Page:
Risk drinking behavior among psychotropic drug users in an aging Finnish population: The FinDrink study

Jenni Ilomäki, Maarit Jaana Korhonen, Hannes Enlund, Abraham G. Hartzema, Jussi Kauhanen

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18 Citations (Scopus)


Psychotropic drug use and alcohol consumption is increasing among aging Finns. Alcohol use is not recommended with benzodiazepines and some other psychotropic medicines. Concomitant use may lead to accidents and other serious consequences. The aim of this study was to analyze the drinking behavior of psychotropic drug users in an aging Finnish population. This study is part of the ongoing epidemiologic FinDrink study. Self-reported data on alcohol consumption and psychotropic drug use were collected from the Kuopio Ischaemic Heart Disease Risk Factor Study examinations conducted in 1998-2001. Overall, 854 men and 920 women participated in the study. A total of 204 (11.5%) individuals used psychotropic drugs regularly (14.2% of women and 8.5% of men; P<.001). Three quarters of the study population had used alcohol weekly during the preceding year (68.9% of women and 87.5% of men; P<.001). Men who use anxiolytics and sedatives were more likely to drink alcohol at least twice a week (odds ratio=2.42; 95% confidence interval=1.30-4.51), to be binge drinkers (odds ratio=1.86; 95% confidence interval=1.01-3.43) and to be heavy alcohol consumers (odds ratio=2.22; 95% confidence interval= 1.13-4.39) than men not using psychotropics. In women, alcohol consumption and drinking patterns were same between the groups. Our results indicate the potential for alcohol-related health risks among aging Finnish men and women using psychotropic drugs.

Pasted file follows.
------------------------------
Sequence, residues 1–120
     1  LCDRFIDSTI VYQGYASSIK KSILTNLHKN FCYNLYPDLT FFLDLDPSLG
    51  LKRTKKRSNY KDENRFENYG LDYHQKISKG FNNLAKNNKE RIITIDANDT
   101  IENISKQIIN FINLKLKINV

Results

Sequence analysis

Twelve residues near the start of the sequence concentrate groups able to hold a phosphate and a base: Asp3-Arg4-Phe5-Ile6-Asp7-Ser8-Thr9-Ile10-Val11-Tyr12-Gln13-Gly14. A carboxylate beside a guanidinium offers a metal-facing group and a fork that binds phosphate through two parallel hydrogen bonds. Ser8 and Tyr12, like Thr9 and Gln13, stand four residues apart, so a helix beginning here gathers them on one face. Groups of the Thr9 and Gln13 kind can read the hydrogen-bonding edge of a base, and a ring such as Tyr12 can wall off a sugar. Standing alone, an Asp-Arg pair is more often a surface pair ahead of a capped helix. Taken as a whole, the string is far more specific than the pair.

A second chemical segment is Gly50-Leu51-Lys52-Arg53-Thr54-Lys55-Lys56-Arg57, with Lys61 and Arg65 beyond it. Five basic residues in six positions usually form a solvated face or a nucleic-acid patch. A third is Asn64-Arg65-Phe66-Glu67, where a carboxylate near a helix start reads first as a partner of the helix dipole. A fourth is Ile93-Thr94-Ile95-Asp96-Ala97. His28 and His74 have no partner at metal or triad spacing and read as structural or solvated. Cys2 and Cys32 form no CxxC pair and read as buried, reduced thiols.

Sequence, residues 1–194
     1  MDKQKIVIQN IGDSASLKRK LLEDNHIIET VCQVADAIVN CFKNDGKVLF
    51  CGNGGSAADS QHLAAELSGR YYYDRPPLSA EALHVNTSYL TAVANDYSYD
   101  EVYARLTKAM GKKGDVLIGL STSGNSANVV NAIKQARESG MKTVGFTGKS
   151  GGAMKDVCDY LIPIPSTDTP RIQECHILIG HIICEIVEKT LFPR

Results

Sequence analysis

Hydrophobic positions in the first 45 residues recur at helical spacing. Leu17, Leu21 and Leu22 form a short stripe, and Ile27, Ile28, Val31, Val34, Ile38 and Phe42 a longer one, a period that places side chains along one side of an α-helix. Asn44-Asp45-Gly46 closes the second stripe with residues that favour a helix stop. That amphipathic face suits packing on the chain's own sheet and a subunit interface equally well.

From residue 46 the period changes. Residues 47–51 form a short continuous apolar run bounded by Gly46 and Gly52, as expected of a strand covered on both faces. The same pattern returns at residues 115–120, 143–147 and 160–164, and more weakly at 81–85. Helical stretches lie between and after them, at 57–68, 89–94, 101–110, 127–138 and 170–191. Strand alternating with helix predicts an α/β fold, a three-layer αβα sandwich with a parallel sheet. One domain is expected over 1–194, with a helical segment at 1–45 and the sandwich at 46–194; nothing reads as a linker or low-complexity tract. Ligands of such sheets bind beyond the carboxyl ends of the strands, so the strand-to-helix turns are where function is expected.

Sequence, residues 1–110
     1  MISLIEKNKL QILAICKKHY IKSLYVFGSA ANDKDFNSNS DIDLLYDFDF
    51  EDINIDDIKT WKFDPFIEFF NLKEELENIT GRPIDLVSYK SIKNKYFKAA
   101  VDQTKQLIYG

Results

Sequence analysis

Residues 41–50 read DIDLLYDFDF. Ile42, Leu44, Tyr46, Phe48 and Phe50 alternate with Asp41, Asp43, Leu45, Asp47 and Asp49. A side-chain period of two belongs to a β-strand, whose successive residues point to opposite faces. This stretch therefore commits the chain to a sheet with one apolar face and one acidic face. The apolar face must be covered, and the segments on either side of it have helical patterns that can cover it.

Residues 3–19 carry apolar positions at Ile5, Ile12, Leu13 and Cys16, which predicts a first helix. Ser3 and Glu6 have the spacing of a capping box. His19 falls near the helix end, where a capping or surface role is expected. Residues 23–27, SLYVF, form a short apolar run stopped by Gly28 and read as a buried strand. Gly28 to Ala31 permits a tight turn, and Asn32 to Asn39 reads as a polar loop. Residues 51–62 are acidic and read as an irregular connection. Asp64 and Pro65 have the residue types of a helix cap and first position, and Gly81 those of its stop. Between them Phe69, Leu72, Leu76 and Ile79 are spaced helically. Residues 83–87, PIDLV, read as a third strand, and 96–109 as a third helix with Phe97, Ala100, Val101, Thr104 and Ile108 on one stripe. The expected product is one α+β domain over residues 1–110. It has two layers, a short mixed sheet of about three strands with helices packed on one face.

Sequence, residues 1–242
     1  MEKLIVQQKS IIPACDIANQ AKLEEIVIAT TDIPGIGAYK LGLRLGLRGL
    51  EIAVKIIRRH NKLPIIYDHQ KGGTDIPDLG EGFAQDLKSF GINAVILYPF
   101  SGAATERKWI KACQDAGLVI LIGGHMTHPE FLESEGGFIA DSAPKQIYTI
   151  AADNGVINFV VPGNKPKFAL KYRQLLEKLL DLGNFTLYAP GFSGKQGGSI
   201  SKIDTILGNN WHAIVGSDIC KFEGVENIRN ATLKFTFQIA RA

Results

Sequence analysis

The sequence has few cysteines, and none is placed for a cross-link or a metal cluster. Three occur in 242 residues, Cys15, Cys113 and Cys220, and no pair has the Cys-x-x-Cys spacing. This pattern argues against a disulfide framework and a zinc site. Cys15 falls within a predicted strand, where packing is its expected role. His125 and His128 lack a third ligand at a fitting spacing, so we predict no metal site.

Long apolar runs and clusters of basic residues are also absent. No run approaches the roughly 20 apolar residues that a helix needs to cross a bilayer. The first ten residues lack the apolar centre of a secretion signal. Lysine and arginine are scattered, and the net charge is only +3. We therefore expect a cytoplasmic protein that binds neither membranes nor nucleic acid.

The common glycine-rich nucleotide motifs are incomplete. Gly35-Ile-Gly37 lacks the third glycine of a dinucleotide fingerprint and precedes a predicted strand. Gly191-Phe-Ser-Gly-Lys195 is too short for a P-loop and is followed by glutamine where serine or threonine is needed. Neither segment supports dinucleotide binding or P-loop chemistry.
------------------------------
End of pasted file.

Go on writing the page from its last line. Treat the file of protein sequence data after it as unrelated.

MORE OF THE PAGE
Original languageEnglish
Pages (from-to)261-267
Number of pages7
Issue number4
Publication statusPublished - Jun 2008
Externally publishedYes


  • Aging
  • Alcohol consumption
  • Concomitant use
  • FinDrink study
  • Population study
  • Psychotropic drugs

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